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The duo wants a 300 GB capacity disk by 2015

Sony and Panasonic have announced that they have signed a basic agreement that will see them jointly develop a new standard for professional-use optical discs. The objective of the two companies is to expand their business for long-term digital data storage by developing an optical disc with a capacity of at least 300 GB.
The two companies are directly targeting businesses that need archival storage including motion picture, broadcasting, and cloud service industries.

Optical discs are likely to remain a preferred long-term storage option because the discs are dust- and water-resistant. Another significant benefit of using optical discs is that they allow inter-generational compatibility between different formats -- that means older optical formats can be read on current generation optical drives.
Sony and Panasonic hope to make the 300GB optical disc available by 2015. 

Source: Sony

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RE: How cute
By retrospooty on 7/29/2013 12:00:53 PM , Rating: 4
"You might want to read the story more carefully, good luck finding flash that will remain non-volatile for 100+ years."

Other than niche markets that need data kept safe for that long, its totally useless... Does anyone have software from 10 years ago on the same medium they had 10 years ago? I think I have a few pics from back then, but they have gone through countless hard drive upgrades since then... And today we have cloud/streaming and flash. I just dont see any disk based media becoming big. Blue Ray was the last major hurrah, and even it will never be as big as DVD was.

RE: How cute
By BRB29 on 7/29/2013 12:13:21 PM , Rating: 2
I have vinyls of most famous artists of decades past. There is nothing replacing it. The vinyl player itself is a classic piece of hardware that decorates your home pretty well. So yes, I have vinyls that are older than me and you.

RE: How cute
By Reclaimer77 on 7/29/2013 12:16:27 PM , Rating: 2

Vinyl is analog!

RE: How cute
By retrospooty on 7/29/2013 12:53:41 PM , Rating: 3
LOL... OK, but I wouldn't really classify old vinyl records as "software" and I certainly wouldn't call your use anything other than "niche" at this point.

RE: How cute
By Fritzr on 7/31/2013 12:36:29 AM , Rating: 2
Digital software stored on a vinyl LP is most definitely digital storage.

It is not the storage medium, it IS the way the data is written and read. Analog sound recording equipment has been used for digital storage for as long as there has been digital storage.

Examples from the 1980s

The C2N datasette from Commodore. It was an analog cassette recorder with a digital interface to the Commodore computer tied to the microphone input. This direct connection to the I/O pin on the CPU avoided the problem of sound levels encountered by the computers that used the standard microphone jack for output to the recorder and the earphone jack for input to the recorder.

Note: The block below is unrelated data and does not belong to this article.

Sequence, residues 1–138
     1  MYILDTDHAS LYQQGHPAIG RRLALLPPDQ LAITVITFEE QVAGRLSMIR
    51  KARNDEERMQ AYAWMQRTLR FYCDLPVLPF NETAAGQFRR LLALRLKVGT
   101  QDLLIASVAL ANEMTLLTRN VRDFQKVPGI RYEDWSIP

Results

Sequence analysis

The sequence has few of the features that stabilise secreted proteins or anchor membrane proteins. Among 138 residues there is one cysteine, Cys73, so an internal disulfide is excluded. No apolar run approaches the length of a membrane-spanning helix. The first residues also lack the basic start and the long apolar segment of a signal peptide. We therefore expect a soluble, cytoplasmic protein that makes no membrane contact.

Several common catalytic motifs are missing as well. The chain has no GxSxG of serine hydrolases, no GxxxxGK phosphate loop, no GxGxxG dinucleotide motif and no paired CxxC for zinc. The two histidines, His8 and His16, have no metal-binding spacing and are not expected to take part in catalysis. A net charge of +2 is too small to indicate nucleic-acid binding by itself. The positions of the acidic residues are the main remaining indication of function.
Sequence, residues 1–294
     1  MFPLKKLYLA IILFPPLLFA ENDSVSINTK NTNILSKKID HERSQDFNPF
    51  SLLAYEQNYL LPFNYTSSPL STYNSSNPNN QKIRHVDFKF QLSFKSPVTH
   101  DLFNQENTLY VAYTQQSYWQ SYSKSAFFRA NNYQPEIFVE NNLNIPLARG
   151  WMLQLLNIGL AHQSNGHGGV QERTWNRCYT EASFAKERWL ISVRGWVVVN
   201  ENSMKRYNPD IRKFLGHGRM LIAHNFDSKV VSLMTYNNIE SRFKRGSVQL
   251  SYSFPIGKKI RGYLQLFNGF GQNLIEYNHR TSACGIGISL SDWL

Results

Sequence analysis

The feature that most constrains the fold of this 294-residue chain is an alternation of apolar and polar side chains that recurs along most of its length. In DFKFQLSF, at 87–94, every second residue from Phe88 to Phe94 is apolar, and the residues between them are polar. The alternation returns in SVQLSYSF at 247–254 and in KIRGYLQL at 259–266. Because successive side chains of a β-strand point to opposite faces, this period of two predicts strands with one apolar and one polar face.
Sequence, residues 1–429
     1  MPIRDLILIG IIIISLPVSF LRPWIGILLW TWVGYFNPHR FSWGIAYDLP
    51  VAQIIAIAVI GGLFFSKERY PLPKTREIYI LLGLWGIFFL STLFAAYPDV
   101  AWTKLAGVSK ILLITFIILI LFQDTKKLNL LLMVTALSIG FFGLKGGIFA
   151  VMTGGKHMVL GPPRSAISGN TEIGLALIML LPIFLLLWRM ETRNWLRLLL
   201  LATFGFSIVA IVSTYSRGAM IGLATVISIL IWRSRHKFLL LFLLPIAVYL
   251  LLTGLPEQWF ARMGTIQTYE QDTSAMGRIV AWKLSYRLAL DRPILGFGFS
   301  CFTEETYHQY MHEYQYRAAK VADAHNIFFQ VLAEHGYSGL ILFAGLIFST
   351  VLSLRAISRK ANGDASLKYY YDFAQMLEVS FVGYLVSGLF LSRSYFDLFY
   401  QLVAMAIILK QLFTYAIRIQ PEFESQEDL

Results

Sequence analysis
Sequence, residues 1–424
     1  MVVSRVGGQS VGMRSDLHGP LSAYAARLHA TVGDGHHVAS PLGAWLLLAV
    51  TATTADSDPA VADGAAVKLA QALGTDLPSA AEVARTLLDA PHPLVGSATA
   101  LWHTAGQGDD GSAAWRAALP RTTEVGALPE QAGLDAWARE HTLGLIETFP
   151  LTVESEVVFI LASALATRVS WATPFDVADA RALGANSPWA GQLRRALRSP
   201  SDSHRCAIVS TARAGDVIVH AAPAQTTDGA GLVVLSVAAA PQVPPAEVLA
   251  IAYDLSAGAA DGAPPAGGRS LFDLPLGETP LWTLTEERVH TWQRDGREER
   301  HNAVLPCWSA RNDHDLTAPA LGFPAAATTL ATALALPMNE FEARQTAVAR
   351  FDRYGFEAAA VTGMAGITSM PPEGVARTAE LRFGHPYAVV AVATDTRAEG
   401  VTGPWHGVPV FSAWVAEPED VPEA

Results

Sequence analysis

The Sinclair computers (ZX-8x TS-1x00 among them) used an off the shelf analog recorder (cassette or reel-to-reel were most commonly used) and the digital signal was recorded as analog audio of hi & lo frequency sound.

These and other computers that were able to use analog cassette tapes could also receive broadcast recordings and correctly load them. You just connected the data input to the radio speaker or recorded the broadcast on tape (cassette or reel). Several broadcasters around the world offered these as ordinary consumer broadcasts for popular computer models. This method of data transmission is still used in the SW community.

RE: How cute
By SlyNine on 7/29/2013 1:31:16 PM , Rating: 2
Dreamcast collection.

Age of Empires 2. (I own it not valve, but I also barrow valves copy too)

Sega Saturn collection.

I'm sure there is 10 year old software in plenty of people's homes that exists on the same medium. 25 year old software on the other hand. I do have Atari games somewhere I suppose, that's if they still work.

RE: How cute
By retrospooty on 7/29/2013 1:39:13 PM , Rating: 2
My point is that keeping stuff like that, even for over 10 years is rare. 100 is just pointless, outside of extreme niche scenarios.

RE: How cute
By Flunk on 7/29/2013 1:40:44 PM , Rating: 2
The two companies are directly targeting businesses that need archival storage including motion picture, broadcasting, and cloud service industries

Read the post before commenting please. The fact that these are for a specific niche use is right in there.

RE: How cute
By retrospooty on 7/30/2013 10:54:07 AM , Rating: 2
I read it and I commented on it. Other than those niche markets its totally useless with streaming and flash taking over.

"There is a single light of science, and to brighten it anywhere is to brighten it everywhere." -- Isaac Asimov

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